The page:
If your lyrics are etched in glass and stone as public art in downtown Calgary, you might be a legend. If the first song you ever wrote was voted the Best Canadian Song of the Twentieth Century by CBC listeners – yep, you might be a legend. And though he can be prickly regarding fame, Victoria-born singer/songwriter Ian Tyson is that legend.
In career spanning more than fifty years, Tyson’s as at home gigging in New York City as he is riding the range at his Longview ranch. The two are connected, as it was a broken leg from a buck-off at Dog Pound Rodeo that made the mercurial Tyson hold still long enough to learn to play guitar. As part of the duo Ian & Sylvia with his future wife, Tyson hung out in Greenwich Village with Bob Dylan and the folkie crowd, then later had a TV show with Sylvia and their band Great Speckled Bird. When he split with his wife, the singer drifted back to cowboying, eventually buying his ranch with royalties from Neil Young’s version of “Four Strong Winds.”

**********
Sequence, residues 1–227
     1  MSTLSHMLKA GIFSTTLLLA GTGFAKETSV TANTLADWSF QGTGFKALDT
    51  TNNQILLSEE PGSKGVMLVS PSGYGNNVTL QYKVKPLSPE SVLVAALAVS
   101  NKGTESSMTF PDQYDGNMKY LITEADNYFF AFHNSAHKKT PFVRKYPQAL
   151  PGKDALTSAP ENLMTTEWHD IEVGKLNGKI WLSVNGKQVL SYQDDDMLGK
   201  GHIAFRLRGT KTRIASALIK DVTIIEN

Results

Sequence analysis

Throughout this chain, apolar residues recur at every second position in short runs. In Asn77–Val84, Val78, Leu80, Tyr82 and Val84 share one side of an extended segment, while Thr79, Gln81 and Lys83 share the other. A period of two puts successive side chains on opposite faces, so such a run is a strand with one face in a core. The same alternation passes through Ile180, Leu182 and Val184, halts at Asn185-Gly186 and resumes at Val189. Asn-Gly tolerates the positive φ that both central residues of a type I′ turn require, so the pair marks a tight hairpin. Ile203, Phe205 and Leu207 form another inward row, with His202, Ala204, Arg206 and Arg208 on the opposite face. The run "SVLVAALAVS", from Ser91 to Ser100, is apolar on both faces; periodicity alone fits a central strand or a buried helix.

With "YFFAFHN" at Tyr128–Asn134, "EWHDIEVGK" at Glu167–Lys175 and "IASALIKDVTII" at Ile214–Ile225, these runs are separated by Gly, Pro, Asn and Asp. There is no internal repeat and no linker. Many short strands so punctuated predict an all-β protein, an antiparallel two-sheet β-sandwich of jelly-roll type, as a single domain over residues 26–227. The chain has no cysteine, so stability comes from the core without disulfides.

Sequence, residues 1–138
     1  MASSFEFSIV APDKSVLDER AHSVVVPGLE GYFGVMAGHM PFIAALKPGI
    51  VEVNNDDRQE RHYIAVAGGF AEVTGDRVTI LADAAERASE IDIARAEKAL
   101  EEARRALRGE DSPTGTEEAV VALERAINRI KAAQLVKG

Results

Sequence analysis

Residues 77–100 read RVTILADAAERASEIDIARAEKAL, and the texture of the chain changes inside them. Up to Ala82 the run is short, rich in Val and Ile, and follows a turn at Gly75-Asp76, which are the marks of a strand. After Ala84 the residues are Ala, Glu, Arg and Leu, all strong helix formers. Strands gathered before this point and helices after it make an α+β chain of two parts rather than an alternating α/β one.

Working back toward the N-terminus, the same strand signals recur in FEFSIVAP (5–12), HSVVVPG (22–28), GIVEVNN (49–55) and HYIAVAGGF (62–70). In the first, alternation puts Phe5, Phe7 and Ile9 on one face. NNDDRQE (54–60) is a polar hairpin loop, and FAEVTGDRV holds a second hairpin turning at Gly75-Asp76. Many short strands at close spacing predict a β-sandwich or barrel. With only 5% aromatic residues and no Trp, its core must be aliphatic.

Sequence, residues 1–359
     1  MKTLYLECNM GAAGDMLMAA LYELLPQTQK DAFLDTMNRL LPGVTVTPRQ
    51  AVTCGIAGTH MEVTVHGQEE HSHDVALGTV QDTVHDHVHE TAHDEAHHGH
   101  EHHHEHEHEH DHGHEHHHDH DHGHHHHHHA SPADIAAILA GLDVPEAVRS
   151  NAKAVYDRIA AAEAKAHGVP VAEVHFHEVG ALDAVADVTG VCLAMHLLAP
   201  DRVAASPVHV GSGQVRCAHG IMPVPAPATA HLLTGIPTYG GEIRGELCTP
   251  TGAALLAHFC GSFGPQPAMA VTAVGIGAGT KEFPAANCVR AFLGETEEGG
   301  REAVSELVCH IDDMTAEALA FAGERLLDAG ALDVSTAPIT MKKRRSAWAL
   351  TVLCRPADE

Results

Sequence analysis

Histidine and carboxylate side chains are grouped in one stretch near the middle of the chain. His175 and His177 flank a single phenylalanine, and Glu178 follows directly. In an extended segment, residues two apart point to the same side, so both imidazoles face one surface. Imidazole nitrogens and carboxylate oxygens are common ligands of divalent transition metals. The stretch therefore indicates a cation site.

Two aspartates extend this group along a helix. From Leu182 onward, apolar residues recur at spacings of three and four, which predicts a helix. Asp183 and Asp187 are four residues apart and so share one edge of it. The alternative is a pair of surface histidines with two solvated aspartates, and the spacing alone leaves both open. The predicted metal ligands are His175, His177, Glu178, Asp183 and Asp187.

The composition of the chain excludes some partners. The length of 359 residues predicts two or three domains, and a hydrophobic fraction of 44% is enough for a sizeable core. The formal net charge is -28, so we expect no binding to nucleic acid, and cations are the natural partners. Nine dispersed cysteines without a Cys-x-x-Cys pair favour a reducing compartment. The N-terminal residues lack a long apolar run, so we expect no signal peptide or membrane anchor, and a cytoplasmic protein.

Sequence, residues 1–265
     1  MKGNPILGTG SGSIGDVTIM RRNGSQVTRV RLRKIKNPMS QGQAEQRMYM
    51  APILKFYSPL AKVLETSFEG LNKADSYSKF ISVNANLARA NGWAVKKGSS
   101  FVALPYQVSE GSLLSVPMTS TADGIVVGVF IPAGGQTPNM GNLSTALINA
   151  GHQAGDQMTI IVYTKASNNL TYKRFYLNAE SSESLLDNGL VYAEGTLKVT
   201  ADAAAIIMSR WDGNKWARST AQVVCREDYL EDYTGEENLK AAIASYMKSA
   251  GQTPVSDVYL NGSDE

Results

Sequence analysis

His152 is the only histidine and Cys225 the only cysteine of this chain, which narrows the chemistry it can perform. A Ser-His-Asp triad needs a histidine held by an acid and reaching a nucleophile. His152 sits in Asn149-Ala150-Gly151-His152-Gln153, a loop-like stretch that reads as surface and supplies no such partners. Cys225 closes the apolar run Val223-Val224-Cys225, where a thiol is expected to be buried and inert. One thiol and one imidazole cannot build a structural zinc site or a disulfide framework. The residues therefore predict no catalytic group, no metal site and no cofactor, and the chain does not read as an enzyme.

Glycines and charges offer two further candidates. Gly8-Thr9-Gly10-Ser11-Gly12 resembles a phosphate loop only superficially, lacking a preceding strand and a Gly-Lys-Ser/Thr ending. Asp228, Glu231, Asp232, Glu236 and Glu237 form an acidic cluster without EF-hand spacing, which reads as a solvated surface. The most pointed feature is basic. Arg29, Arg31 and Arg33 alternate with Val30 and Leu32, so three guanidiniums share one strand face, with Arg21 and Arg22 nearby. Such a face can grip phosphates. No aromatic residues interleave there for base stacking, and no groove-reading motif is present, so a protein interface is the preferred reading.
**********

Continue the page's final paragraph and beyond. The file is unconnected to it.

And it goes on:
But music’s long shadow followed Tyson across the prairies, bubbling from creek beds and ringing from spurs. Soon, he was penning tunes about the fading glory days of the big ranches, the joys of feeding cattle at 40 below, and barrel racing angels. Tyson's songwriting strikes an exquisite balance between shining a spotlight on outlaws, mustangs and landscapes, and then dimming it to candlelight to gently unveil their most delicate intimacies. “Music and horses are the two loves of my life,” he has said. These two things have served him, and the millions of people touched by his music, well.